In 2011, Australian researcher K.D. Dingle reported in The Asian Journal of Psychiatry that young men whose partners aborted were twice as likely to abuse cannabis and hard drugs, and suffer depression than men who had never fathered a pregnancy.

One mother of four confided on the AGA crisis line that she had an abortion because of her concern about the impact on her husband of having another child, when he was experiencing depression.

After the abortion she was so hurt and angry that she continually “lashed out” at her husband. He eventually committed suicide. Even though this had occurred some years previously, she was still bitter towards her deceased husband and disconnected from what he might have suffered.

AGA has engaged with men and male community services and is finding that male suicides relating to abortion are common.

Last December, one of AGA’s professional counselors was contacted by police regarding a 16-year-old boy whom they had only just saved from suicide by “two seconds”. It turned out to be abortion related.

He had been doing well at school, but after his girlfriend’s abortion and their subsequent breakup, he dropped out of school and became homeless. He also told the counselor of a mate’s suicide because of abortion.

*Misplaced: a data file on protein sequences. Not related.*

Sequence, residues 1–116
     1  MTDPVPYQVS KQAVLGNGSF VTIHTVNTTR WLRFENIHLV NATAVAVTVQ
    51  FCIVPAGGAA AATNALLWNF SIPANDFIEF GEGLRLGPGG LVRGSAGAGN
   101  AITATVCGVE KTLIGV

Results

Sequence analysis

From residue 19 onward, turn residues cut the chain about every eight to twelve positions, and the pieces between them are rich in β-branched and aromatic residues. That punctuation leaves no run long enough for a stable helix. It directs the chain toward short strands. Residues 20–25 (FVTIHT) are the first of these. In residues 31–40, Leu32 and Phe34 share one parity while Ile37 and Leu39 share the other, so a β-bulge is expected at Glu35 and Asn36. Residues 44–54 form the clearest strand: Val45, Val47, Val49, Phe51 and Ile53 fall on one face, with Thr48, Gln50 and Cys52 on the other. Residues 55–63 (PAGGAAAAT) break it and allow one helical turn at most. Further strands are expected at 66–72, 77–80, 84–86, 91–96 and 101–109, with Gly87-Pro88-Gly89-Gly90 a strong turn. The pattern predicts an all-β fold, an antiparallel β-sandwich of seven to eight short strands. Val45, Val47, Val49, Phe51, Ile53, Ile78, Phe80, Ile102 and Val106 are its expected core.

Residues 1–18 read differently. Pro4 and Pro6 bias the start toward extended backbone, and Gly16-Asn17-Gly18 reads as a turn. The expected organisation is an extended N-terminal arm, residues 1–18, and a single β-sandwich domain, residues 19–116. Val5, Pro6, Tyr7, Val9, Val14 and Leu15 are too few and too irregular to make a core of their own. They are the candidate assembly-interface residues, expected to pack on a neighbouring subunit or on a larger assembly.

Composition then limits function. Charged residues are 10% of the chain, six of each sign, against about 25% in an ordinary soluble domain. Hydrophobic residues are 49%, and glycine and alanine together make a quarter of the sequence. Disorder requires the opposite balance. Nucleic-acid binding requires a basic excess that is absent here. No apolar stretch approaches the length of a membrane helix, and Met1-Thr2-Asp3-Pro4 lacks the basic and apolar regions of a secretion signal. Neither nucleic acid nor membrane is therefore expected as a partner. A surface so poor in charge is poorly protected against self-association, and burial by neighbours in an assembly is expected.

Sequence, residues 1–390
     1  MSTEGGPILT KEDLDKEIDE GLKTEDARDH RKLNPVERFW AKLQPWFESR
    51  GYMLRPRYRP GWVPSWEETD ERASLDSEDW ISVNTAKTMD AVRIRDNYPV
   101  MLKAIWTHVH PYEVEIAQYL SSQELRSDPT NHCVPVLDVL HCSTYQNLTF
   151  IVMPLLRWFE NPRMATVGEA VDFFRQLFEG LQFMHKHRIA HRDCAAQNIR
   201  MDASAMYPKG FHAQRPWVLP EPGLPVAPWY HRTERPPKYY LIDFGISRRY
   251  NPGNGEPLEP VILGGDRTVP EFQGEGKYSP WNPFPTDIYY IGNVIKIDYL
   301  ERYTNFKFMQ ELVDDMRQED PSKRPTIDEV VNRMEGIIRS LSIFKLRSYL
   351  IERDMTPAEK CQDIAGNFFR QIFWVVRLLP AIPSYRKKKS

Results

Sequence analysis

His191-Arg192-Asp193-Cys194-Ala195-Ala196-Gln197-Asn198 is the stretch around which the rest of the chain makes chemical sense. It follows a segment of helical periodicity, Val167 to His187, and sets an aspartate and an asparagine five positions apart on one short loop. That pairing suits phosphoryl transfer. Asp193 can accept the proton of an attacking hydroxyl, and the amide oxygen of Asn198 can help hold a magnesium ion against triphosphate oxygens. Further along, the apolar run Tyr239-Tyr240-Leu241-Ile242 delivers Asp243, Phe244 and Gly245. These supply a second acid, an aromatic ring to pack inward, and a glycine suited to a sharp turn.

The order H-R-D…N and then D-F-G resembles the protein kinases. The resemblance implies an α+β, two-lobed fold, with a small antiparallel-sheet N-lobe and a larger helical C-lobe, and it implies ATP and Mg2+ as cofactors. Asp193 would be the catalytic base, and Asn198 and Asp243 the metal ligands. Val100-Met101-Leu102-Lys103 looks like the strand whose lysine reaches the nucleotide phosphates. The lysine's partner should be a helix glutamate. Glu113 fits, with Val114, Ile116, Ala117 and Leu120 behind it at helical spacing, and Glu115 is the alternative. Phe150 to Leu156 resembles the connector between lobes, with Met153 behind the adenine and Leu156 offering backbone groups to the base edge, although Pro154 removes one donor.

With the support of the counselor who had just completed AGA’s training, the 16 year old returned home. He now has an apprenticeship and is doing well.

As this case shows, when abortion trauma is recognised and dealt with appropriately, the situation can change from being toxic to being manageable.

Before his suicide, “Brad” and his wife sought help from their local priest. Sadly, the priest, with no training in abortion trauma, was set up to fail.

“Brad” and his wife had been happily expecting their fifth child. Then the visiting obstetrician pressured them to have a foetal abnormality test. Before the results returned and being “absolutely” convinced of abnormality, the obstetrician pressured the couple to have an abortion. The test results returned with no abnormality detected when it was too late.

Brad’s wife had a breakdown and was placed on suicide watch. Brad committed suicide and four children’s lives were shattered. A happy family was destroyed in a matter of days.

AGA wrote to all state Australian Medical Associations regarding this tragic case, but got no response.

Lower-level managers of a government-supported suicide prevention crisis line have recognised the need for their counselors to have training in abortion grief, but this has failed to eventuate. Even more concerning are reports of the screening out of volunteer phone counselors who mention they are aware of abortion trauma.

The public discussion of abortion-related mental illness is taboo in the media and within the medical profession, with a flow-on effect to allied health professions. This is despite a 2011 meta-analysis of nearly 900,000 women published in The British Journal of Psychiatry finding 10 per cent of mental illness in women was abortion related.

However, grassroots service providers and young university students are welcoming AGA and its initiatives.

Julie Cook is National Director of Abortion Grief Australia Inc.